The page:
A PENNY’S WORTH (Mar, 1948)


A penny’s not a lot of money, but you’ll be surprised at how much of some things it will buy.

A penny buys 20 pages of big city newspaper. providing several hours of reading material.

A penny’s worth of gas will drive a two-ton automobile with four people about 4,000 feet.

A penny will buy over seven hours of radio entertainment by top-price big-name performers.

A penny will buy enough gas to fry an egg for each of 72 persons, doing them four at a time.

A penny will move a one-ton shipment of merchandise by air express nearly a hundred feet.

A penny stamp will deliver a card across the United States and over the Pacific to Guam.

A penny will buy 50 gallons of tested, healthful water, delivered by pipe into your home.

A penny will buy enough current to illuminate a room (60-watt bulb) for four full nights.

  1. Firebrand38 says: November 23, 20091:49 pm

    I just figured out that a 25 page daily edition of the New York Times going for two bucks means a penny buys 1/8th of a page(or it costs 8 cents a page).

    One satellite companies $42.99 a month Top 200 package is 42.99 a month. That means a penny buys you 10 minutes of TV entertainment by over priced over rated performers (sorry couldn’t resist) but it’s apples and oranges. The article was referring to the cost of electricity to run the radio and I didn’t include that in my cipherin’.

    Anyone else?

  2. Charlene says: November 23, 20094:44 pm

    My cable internet is $44.99 a month Canadian, which works out roughly to one cent for every ten minutes of access (which in my opinion is a much better value than ten minutes of TV entertainment).

  3. Toronto says: November 23, 20095:03 pm

    Is the New York Times really only 25 pages?

    That gas is about $0.15 per gallon – tops (figuring 20 mpg.) I bet my 500cc Cooper I’m picking up from that other article would be even more thrifty.

    Electricity at 1/3 to 1/2 cent per kwh. Ouch.

  4. Charlene says: November 23, 20095:10 pm

    My electricity rate is 6.25 cents per kwh, so about 12 times the rate Toronto’s calculated for that time period. That would mean I’d get half an hour of radio entertainment for a penny if the radio used the same amount of electricity, which is likely since I have a 1934 radio.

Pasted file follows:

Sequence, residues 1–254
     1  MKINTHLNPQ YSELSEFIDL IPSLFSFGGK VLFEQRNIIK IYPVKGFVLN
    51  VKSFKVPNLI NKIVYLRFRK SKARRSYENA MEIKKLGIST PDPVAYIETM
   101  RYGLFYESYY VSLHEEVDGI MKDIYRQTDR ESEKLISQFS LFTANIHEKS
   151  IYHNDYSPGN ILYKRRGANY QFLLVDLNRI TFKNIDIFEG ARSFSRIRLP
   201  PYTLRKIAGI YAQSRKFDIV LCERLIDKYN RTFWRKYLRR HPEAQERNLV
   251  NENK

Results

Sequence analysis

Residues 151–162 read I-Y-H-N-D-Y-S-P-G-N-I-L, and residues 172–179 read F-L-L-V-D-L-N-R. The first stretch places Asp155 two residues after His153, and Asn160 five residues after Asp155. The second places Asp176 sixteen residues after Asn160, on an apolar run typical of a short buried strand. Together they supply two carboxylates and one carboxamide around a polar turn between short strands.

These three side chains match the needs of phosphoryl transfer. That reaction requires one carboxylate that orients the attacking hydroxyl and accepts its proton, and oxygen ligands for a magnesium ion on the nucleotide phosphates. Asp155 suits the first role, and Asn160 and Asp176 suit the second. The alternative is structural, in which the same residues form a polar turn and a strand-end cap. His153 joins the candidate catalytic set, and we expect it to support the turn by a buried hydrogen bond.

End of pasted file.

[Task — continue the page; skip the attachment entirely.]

5. Firebrand38 says: November 23, 20095:15 pm

    Toronto: Daily edition. I didn’t factor in the Sunday edition just to keep things simple.

  6. Toronto says: November 23, 20096:41 pm

    The Toronto Star’s front section alone runs 32 pages or more, and 12 sections isn’t unusual any more. Naturally, that’s 60% ads and 30% whining about the Leafs/Raptors/Jays, depending on the time of year. (They seem to have dropped whining about the Argos and the Rock.)

  7. carlm says: November 24, 20093:52 am

    Consider that. on average, things cost about 10.1 times what they cost in 1948. Gas cost about 25 cents a gallon. A house was about $17,000. Just change that penny to a dime.

  8. Rick Auricchio says: November 25, 20092:34 pm

    Charlene, my electricity costs between 25c and 30c per kwh, depending on the season and my total use. Ouch!

  9. George says: November 27, 200910:19 am

    Today a penny will buy 4 million bytes of flash memory (8Gb on sale for $20 at Wal-Mart). That’s about 1000 typed pages or 4 minutes of MP3 music. While 4 minutes isn’t all that much, in 1948 a $1.00 78-RPM record ran maybe 6 minutes total, so a penny bought you only 4 seconds of tunes.

  10. jayessell says: November 27, 200912:40 pm

    Good call George, but add $0.99 in 2009 money for one iTunes download.

  11. DJK0219 says: July 30, 20128:24 pm

    I cannot believe how wrong this is. A penny’s worth of gas will get me 4,000 feet? One mile is 5,280 feet. Therefore, I’d need just over a penny’s worth of gas to go one mile. Granted, I get about 15 miles to the gallon, but I’ve yet to see gas for under 50 cents a gallon.

  12. JMyint says: July 31, 20121:34 pm

    DJK0219 In 1948 gasoline was $.26 (about $2.48 today) and the average car got around 19 mpg. So 4000 feet is pretty close.

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